Haha, yeah, it'll be published pretty regularly, but I don't wanna make promises I can't keep, so we'll see how it takes shape as we proceed. Most Fridays? Unless something huge breaks on a Tuesday or something and I wanna write something right away? It will definitely not always be a four-part multi-media epic like the one above, I'll warn/assure you in advance. But there is NO SHORTAGE of wild-ass shit going on in the music biz right now, so there's plenty for me to write about.
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July 8, 2016 on But Who’s Buying? A Column About The Music Business
That's totally my mistake, not John O's. I got rid of the Boris parenthetical -- I think the broader point still applies, especially to Farage and Cameron (who didn't "back" Brexit but basically brought it into existence to support his own political ambitions).
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July 8, 2016 on But Who’s Buying? A Column About The Music Business
Hahaha, I nearly used that line in this column, no joke.
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July 8, 2016 on But Who’s Buying? A Column About The Music Business
All Tom's PE's are sublime, but this one was written by Chris (and I agree it too is sublime).
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July 1, 2016 on Premature Evaluation: The Avalanches Wildflower
Also, fwiw, they're the least "hipster"-ish people in the world to an almost comical degree (based on the interview I did with them, anyway). They worship Devin Townsend; the two founders have sound engineering degrees; and the band name was born when they were playing some sci-fi video game for hours on end the day it came out, and one of the dudes said "asteroid" wrong, which they both thought was funny. But I get what Doug's saying, and I doubt anyone who seriously uses the term "hipster metal" (or "hipster" for that matter) really cares to examine that kinda stuff anyway.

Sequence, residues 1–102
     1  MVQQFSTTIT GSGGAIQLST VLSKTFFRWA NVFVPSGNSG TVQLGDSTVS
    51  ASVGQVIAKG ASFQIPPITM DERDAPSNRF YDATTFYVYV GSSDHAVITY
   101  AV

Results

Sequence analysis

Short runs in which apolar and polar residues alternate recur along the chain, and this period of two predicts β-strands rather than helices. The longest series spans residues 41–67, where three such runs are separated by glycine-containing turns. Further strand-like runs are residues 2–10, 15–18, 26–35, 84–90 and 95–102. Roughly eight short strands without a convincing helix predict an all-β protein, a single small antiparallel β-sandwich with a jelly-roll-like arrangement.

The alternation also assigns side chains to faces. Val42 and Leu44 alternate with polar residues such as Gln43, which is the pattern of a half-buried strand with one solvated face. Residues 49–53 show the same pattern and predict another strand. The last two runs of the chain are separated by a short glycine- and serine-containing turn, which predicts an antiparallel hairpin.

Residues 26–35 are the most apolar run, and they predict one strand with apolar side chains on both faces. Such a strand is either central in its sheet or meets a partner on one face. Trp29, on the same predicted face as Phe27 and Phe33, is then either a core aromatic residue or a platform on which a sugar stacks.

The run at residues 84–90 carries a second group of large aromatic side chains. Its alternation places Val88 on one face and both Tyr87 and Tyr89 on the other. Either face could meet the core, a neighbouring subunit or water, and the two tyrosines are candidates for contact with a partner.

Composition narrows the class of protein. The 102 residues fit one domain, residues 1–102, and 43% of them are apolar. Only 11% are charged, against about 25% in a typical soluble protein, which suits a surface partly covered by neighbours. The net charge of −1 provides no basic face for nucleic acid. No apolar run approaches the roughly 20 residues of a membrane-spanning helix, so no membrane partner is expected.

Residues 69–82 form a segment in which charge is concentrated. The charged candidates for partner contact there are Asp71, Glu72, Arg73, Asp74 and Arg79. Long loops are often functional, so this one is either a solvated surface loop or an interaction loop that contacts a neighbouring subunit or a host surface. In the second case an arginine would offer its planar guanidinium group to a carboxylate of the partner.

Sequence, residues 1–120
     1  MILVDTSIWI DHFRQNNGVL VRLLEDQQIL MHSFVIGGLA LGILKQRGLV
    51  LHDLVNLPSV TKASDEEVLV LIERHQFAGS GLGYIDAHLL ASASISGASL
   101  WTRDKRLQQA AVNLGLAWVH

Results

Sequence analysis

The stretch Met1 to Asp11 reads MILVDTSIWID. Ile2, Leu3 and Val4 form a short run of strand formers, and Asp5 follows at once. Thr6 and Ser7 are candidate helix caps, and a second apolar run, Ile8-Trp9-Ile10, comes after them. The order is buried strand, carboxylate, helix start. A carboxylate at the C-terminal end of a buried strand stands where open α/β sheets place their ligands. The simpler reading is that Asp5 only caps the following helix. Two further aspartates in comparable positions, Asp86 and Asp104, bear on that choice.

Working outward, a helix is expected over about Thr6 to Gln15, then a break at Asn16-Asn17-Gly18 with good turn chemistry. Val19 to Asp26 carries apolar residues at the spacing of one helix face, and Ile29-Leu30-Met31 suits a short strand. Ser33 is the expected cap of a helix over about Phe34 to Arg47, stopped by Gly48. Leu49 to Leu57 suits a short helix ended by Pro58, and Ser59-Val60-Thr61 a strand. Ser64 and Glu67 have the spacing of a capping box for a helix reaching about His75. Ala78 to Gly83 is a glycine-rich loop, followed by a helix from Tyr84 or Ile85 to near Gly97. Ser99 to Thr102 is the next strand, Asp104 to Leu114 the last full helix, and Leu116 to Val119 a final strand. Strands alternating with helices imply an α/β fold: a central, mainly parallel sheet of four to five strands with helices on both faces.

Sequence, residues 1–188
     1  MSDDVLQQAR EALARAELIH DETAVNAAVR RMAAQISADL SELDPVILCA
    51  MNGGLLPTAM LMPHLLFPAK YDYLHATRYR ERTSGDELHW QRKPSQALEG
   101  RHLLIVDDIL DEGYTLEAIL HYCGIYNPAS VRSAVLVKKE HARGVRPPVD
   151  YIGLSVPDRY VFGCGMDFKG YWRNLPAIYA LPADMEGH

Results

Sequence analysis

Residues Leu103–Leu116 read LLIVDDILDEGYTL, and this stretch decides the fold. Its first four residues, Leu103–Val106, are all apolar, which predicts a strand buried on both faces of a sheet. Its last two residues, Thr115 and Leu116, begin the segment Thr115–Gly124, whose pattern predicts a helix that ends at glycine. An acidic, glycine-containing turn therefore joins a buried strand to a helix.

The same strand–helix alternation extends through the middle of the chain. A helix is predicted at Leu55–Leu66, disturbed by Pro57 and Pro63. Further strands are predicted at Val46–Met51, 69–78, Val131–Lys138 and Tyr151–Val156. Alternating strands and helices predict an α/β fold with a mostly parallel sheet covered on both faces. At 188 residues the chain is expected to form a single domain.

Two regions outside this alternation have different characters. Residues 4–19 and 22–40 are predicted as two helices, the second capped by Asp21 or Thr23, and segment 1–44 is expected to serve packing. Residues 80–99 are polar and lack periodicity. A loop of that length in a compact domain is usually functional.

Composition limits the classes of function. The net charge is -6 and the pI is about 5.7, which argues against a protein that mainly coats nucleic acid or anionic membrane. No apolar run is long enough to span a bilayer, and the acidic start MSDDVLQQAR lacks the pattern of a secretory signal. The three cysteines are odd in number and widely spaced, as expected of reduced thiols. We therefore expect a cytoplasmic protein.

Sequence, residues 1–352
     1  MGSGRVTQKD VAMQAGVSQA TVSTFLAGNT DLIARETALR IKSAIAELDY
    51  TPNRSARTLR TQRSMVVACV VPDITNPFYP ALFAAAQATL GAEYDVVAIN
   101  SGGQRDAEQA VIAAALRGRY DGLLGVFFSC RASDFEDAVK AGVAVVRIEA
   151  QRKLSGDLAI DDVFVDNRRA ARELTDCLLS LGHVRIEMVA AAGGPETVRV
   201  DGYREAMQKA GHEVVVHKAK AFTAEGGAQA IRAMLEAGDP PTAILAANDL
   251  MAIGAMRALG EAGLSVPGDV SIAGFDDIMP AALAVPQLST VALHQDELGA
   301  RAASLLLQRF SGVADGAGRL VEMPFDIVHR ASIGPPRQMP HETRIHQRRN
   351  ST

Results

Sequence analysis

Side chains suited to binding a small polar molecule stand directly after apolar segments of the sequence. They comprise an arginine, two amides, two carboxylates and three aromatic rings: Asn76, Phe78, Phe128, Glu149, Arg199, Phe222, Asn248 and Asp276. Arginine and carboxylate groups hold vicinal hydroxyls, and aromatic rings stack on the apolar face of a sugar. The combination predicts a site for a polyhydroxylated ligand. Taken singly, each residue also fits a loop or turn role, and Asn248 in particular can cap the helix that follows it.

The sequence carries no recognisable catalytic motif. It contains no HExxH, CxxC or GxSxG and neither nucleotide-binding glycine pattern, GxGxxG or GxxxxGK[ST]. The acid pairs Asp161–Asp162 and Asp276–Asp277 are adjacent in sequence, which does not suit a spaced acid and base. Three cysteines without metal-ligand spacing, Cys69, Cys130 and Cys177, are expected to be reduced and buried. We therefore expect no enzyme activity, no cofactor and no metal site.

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June 30, 2016 on The Black Market: The Month In Metal – June 2016
Well I was talking about Britain specifically, and the British faction that would like to see its country become less European by way of leaving the European Union. But yes, Trump's "policies" mirror those of France's longstanding National Front party, among others. Point taken about America's fascist nutjobs and their countless acts of murderous violence dating back to...I mean, I'd like to start the clock with John Wilkes Booth, but we both know it predates him by almost a full century. I stand corrected. In any case, I didn't intend to start a conversation about politics on a blog about music, and for that I apologize. As long as we can all agree that the Brexit debate was at least in part motivated by a segment of the British public feeling chastened after hearing Jonathan Groff as King George singing "You'll Be Back" while being clowned by Lin-Manuel Miranda's heroic Hamilton, then we've reached a meaningful understanding while also staying on-topic. Thanks guys!
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June 23, 2016 on Noel Gallagher Steps Into Brexit Debate: “I Like The Fact That It Sounds Like A Cereal”
Nah I was being, how you say, cheeky? I think the sentiments powering both the Leave initiative and the Trump "campaign" are identical, and both pander to nationalist ideologies. Feel free to strike the last sentence from my reply; I do not mean to suggest that Leavers endorse the assassination of Remain-backing pols. If that's the only claim in my comment with which you take issue, then we, in fact, agree. The reason Noel is telling politicians to "do their job" and ignore the emotionally charged views of the public at large is because he knows that THEY know leaving is a terrible idea with terrible consequences, but they're punting because they're backlash-averse cowards. "Hey you guys wanted this, we were just doing what you guys wanted us to do..."
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June 23, 2016 on Noel Gallagher Steps Into Brexit Debate: “I Like The Fact That It Sounds Like A Cereal”